Knowing what to do will make your life better.
So will knowing what not to do.
Knowing what to say will improve your conversations.
So will knowing what not to say.
Want a quick way to recognize what not to do or say? Want a simple and direct way to identify and avoid some of the worst communication landmines?
Go to the comments and feedback sections that follow articles and blog posts on the web. Read what people have written and posted in response.
A handful of comments will provide new insights or outlooks. A few will fill in new information.
But most will show you what you should not do or say — IF you want to influence or persuade the writer or readers.
All too many insult the writer, other readers, and anyone else who doesn’t agree with them.
Many make rude and sarcastic comments.
Some condemn and denounce people who have a different point of view.
Others are dripping with hate and bitterness.
Some try to taunt or antagonize those who disagree with the commenter.
Too many exhibit basic errors of logic.
Each time you read a comment or posting that irritates or annoys you, write it down.
Every time you find one that pushes your buttons or tees you off, write it down.
When you read a remark that makes you mad enough to swear, write it down.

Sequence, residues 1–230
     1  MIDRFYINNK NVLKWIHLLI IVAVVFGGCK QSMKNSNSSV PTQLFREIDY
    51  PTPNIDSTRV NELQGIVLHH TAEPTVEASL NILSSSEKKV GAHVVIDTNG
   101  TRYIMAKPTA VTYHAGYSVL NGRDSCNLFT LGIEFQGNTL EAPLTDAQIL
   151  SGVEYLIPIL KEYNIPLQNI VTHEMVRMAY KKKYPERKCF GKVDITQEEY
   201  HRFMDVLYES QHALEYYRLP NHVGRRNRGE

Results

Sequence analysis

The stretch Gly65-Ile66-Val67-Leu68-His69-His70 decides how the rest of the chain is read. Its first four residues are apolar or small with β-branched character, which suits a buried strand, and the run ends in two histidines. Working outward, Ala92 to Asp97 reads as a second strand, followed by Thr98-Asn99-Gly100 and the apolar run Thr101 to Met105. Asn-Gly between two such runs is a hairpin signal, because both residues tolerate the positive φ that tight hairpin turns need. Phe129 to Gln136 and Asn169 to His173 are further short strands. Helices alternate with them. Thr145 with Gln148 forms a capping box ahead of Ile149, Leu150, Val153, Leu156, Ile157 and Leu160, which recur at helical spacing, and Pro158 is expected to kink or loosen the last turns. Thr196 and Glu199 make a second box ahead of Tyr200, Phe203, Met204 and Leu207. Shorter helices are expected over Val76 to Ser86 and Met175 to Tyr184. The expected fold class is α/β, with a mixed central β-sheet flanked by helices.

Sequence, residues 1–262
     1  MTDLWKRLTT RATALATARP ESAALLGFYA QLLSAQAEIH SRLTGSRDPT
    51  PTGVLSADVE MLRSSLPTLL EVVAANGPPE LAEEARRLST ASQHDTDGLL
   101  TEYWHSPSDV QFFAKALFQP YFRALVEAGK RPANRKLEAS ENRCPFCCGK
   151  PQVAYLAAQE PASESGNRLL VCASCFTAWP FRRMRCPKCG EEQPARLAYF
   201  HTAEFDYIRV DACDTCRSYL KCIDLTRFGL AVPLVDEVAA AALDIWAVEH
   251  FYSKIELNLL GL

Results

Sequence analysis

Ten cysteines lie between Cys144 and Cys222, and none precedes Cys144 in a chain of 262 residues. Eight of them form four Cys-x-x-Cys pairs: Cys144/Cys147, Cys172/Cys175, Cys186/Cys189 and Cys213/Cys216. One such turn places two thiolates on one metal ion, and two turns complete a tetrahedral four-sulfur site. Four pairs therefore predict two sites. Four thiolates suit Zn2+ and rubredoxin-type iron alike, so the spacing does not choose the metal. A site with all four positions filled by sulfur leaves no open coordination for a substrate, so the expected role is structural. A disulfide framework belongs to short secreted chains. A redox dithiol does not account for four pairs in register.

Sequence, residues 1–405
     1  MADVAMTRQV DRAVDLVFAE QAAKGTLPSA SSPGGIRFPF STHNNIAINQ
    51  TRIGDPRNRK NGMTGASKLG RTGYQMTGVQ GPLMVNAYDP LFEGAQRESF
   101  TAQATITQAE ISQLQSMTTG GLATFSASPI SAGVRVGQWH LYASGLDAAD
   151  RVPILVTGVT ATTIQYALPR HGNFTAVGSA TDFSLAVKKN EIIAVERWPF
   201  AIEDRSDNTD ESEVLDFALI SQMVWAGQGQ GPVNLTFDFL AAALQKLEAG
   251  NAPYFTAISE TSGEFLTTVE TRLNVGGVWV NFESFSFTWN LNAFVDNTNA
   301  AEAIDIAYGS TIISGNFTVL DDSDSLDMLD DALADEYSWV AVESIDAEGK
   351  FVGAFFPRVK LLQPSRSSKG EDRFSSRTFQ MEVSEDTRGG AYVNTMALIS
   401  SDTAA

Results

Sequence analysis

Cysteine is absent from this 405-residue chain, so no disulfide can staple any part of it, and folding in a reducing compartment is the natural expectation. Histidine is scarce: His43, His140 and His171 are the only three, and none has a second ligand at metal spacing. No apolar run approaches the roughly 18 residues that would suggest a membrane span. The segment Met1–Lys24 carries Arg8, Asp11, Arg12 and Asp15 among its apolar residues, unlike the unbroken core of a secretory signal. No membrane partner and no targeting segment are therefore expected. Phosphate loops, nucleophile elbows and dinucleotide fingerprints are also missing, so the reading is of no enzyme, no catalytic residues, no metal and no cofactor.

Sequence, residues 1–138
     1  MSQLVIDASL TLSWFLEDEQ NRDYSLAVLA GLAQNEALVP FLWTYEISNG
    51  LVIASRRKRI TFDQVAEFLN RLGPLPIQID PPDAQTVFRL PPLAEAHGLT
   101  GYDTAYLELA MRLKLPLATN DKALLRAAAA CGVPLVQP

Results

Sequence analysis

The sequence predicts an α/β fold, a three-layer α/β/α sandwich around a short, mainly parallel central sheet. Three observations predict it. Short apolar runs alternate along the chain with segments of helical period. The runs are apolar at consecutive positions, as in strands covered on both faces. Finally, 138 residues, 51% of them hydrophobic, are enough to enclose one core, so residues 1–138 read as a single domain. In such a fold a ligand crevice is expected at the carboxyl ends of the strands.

Do this with 10 or 15 comments sections. Then look at your list. Even if your list has 20 or 30 examples, it’ll have only 5 or 10 different landmines.
Write your 5 or 10 communications landmines on a filing card, tape it in plain view of your computer keyboard — and do not do them. Do not plant these landmines — and do not step on them.
The very things that irritate or anger you will usually have the same effect on others. If you stop saying and doing things that provoke or frustrate others, you will find that others are far more receptive and responsive to your libertarian ideas.
And far more friendly and open-minded toward you.
Sometimes it’s the things we don’t do, the things we don’t say, that make the biggest difference.
Michael Cloud’s latest book Unlocking More Secrets of Libertarian Persuasion is available exclusively from the Advocates, along with his acclaimed earlier book Secrets of Libertarian Persuasion.In 2000, Michael was honored with the Thomas Paine Award as the Most Persuasive Libertarian Communicator in America.